The impacts of climate change on the people of Vatukarasa and Sovi Bay, Viti Levu, Fiji.
Nur, A. (2021). The impacts of climate change on the people of Vatukarasa and Sovi Bay, Viti Levu, Fiji. (Thesis, Doctor of Philosophy (PhD)). The University of Waikato, Hamilton, New Zealand. Retrieved from https://hdl.handle.net/10289/14136
Permanent Research Commons link: https://hdl.handle.net/10289/14136
Abstract Climate change is one of the biggest threats facing communities around the globe in the 21st Century. Small island developing states, including all Pacific Island Countries, are often represented as being among the countries that are most exposed to its effects. This thesis seeks to better understand the impacts of climate change on two coastal communities, Vatukarasa and Sovi Bay, on the south coast of Viti Levu, the main island of Fiji. These two communities are composed of iTaukei (indigenous Fijians) and Indo-Fijians, respectively. They share a number of current and likely future problems caused by climate change although there are some differences in their levels or types of exposure reflecting different cultural backgrounds, livelihood strategies and social networks. The effects of climate change are holding back the development aspirations of the communities, a process that is likely to worsen in the years ahead. Developing sustainable and effective adaptation strategies will need to consider both the commonalities between the two communities and the differences. Some contemporary resource management practices also contribute to the environmental degradation caused by climate change and changing these is already recognised by community members as important first steps towards adapting to climate change effects. The thesis explores the potential for traditional knowledge to be embraced in adaptation that is community-based. It also recognises that some adaptation options are likely to be expensive and beyond the financial capacities of the communities without some forms of external assistance, from local and national government sources as well as the international community.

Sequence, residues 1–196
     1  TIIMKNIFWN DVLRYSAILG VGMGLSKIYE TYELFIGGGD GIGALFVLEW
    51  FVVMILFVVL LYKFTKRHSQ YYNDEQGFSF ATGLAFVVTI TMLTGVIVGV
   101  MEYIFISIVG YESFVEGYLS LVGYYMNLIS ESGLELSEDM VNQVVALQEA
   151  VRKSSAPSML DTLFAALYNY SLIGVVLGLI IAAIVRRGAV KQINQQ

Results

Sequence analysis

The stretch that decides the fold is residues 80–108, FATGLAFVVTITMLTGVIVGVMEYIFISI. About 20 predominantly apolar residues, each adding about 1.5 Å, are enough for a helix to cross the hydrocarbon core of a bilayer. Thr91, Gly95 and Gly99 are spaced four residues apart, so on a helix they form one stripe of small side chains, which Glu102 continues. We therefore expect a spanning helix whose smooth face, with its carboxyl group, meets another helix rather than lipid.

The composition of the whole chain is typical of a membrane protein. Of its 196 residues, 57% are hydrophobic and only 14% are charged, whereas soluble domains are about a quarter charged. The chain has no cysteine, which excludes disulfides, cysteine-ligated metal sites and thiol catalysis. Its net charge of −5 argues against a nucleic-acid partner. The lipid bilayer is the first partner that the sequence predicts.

The University of Waikato
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